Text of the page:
Seid's own challenge is mostly polite, though occasionally pointed: Seid thinks the notion of "real Judaism" has been foisted on American Jews by the Orthodox, who claim that mantle for themselves. Agree or disagree, the idea of "authenticity" is worth engaging. In America, it informs every discussion about Israel ("real" Jews support Israel), synagogue membership ("real" Jews go to shul), and intermarriage ("real" Jews refrain). The cult of authenticity has profoundly shaped American Judaism, Seid points out. On one hand, it explains why so many agnostic Jews join religious synagogues: they want the "real" Judaism of their ancestors (even if their ancestors were atheists). On the other hand, it leads many American Jews to reject Judaism altogether, since they find "real" Judaism, with its manifold laws and proscriptions, incompatible with modern life.

The way out of this tangle, Seid realizes, is to broaden the definition of what's authentically Jewish. Seid truly gets it. What she doesn't do is lecture, kvetch, or admonish. God-Optional Judaism will find a sympathetic audience with Jews who judge Judaism too rigid and theistic, too patriarchal or paternalistic. It will appeal to the progressive side of religious Jews, and to the spiritual side of progressive Jews. And for those who find the whole idea of God-optional Judaism wrong and offensive, there are some great Jewish recipes to fall back on.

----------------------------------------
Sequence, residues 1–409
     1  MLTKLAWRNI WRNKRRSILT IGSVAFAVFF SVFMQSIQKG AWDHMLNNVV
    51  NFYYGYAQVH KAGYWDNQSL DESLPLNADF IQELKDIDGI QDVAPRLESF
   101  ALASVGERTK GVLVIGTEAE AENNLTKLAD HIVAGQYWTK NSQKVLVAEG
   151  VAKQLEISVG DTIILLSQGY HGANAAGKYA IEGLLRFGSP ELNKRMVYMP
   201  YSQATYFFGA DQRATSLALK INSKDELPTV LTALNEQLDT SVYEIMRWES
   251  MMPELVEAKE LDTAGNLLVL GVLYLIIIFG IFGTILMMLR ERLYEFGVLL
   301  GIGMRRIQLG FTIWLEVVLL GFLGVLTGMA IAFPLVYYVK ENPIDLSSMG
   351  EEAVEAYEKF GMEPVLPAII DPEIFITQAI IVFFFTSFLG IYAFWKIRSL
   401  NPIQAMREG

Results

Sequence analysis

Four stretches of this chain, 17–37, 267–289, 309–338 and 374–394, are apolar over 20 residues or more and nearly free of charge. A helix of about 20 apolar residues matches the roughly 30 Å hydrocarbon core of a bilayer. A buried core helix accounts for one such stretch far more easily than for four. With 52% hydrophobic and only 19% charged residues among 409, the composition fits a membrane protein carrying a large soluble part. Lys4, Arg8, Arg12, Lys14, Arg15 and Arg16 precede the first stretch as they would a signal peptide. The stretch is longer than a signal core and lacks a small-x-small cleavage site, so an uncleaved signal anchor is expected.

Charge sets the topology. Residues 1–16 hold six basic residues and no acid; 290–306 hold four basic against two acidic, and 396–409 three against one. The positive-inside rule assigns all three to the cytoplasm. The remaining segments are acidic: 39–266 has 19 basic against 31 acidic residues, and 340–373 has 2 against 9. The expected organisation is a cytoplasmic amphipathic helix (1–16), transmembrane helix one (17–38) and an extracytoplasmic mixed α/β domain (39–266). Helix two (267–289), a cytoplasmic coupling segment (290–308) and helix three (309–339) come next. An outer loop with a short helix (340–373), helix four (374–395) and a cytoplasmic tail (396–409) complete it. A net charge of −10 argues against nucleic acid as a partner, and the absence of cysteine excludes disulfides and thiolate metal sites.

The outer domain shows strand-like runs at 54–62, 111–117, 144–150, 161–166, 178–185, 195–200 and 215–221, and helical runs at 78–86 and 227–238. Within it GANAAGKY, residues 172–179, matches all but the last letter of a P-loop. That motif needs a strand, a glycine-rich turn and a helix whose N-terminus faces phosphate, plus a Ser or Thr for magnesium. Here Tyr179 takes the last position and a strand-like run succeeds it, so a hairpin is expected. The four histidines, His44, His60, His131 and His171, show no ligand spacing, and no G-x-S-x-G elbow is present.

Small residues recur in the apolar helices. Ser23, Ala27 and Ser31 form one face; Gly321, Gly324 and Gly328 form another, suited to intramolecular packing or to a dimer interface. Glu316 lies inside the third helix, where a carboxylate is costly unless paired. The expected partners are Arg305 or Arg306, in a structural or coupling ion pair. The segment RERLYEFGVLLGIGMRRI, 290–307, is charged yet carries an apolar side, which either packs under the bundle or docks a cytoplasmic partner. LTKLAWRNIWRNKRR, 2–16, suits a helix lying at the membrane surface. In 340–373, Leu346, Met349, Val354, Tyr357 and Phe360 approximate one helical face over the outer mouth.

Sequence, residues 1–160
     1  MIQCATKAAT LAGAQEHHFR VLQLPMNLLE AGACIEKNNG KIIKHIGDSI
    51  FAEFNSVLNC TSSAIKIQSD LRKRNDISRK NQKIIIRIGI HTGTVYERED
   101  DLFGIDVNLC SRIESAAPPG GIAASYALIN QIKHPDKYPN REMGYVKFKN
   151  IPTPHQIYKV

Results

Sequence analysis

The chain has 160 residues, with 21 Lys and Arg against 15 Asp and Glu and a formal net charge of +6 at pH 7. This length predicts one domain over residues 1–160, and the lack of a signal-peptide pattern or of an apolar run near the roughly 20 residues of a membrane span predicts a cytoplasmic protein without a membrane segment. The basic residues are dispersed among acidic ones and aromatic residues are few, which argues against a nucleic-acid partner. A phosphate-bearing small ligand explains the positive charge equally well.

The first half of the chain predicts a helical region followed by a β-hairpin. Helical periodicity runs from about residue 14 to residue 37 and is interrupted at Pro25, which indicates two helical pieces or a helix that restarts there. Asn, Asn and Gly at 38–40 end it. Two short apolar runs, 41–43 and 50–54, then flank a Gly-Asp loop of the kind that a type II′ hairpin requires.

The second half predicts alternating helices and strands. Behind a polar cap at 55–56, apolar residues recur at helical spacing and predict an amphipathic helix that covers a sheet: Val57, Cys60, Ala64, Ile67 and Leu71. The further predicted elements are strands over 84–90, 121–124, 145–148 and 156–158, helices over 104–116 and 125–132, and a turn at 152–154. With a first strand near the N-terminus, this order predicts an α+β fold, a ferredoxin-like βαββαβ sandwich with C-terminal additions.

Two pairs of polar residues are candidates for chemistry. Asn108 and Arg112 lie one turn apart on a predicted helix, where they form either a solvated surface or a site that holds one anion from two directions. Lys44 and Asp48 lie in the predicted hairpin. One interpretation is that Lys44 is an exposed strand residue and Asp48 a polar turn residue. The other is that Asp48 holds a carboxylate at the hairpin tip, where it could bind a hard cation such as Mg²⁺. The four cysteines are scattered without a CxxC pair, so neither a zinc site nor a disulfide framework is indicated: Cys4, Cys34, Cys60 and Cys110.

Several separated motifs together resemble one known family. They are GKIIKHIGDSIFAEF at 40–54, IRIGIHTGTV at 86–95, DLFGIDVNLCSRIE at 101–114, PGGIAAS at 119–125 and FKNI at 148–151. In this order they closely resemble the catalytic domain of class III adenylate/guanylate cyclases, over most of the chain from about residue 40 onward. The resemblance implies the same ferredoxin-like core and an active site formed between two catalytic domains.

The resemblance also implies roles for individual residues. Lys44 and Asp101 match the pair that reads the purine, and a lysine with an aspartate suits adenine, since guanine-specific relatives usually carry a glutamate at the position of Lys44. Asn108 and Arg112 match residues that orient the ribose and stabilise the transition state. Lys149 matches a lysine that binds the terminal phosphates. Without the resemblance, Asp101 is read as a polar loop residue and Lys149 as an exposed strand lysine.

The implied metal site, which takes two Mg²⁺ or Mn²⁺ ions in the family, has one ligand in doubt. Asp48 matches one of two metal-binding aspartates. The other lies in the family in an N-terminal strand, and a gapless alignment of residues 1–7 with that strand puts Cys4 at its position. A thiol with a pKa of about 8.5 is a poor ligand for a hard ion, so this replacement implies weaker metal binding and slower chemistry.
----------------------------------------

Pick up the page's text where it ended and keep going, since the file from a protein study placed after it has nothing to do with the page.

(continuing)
Yiddish for "Haman's pockets," and shaped after the three-corner hat of Haman (the villain of the Purim story), these are triangular cookies with poppy seed, jam or fruit filling in the middle. Derived from the Greek word for "assembly," a Jewish house of prayer. Synagogue refers to both the room where prayer services are held and the building where it occurs. In Yiddish, "shul." Reform synagogues are often called "temple." A Yiddish word meaning audacity, for good or for bad; commonly used to imply something was gutsy. Derived from the Hebrew word for "insolence." Hebrew for "holy," a prayer found in Jewish prayer services. There are many versions of the Kaddish, the best known being the Mourner's Kaddish, said by mourners. The Jewish Sabbath, from sunset on Friday to nightfall on Saturday. A language, literally meaning "Jewish," once widely used by Ashkenazi communities. It is influenced by German, Hebrew and Slavic languages, and is written with the Hebrew alphabet. It is comparable to the language of many Sephardi communities, Ladino. Yiddish term for an honorable, decent person, usually means "a person of integrity and honor," someone of good character and a deep sense of what is right. Hebrew for "booth," a temporary hut constructed for use during the week-long Jewish holiday of Sukkot ("booths"). Yiddish for "synagogue."
Jesse Tisch

Jesse Tisch is a freelance writer and the assistant editor of Contemplate: the International Journal of Cultural Jewish Thought.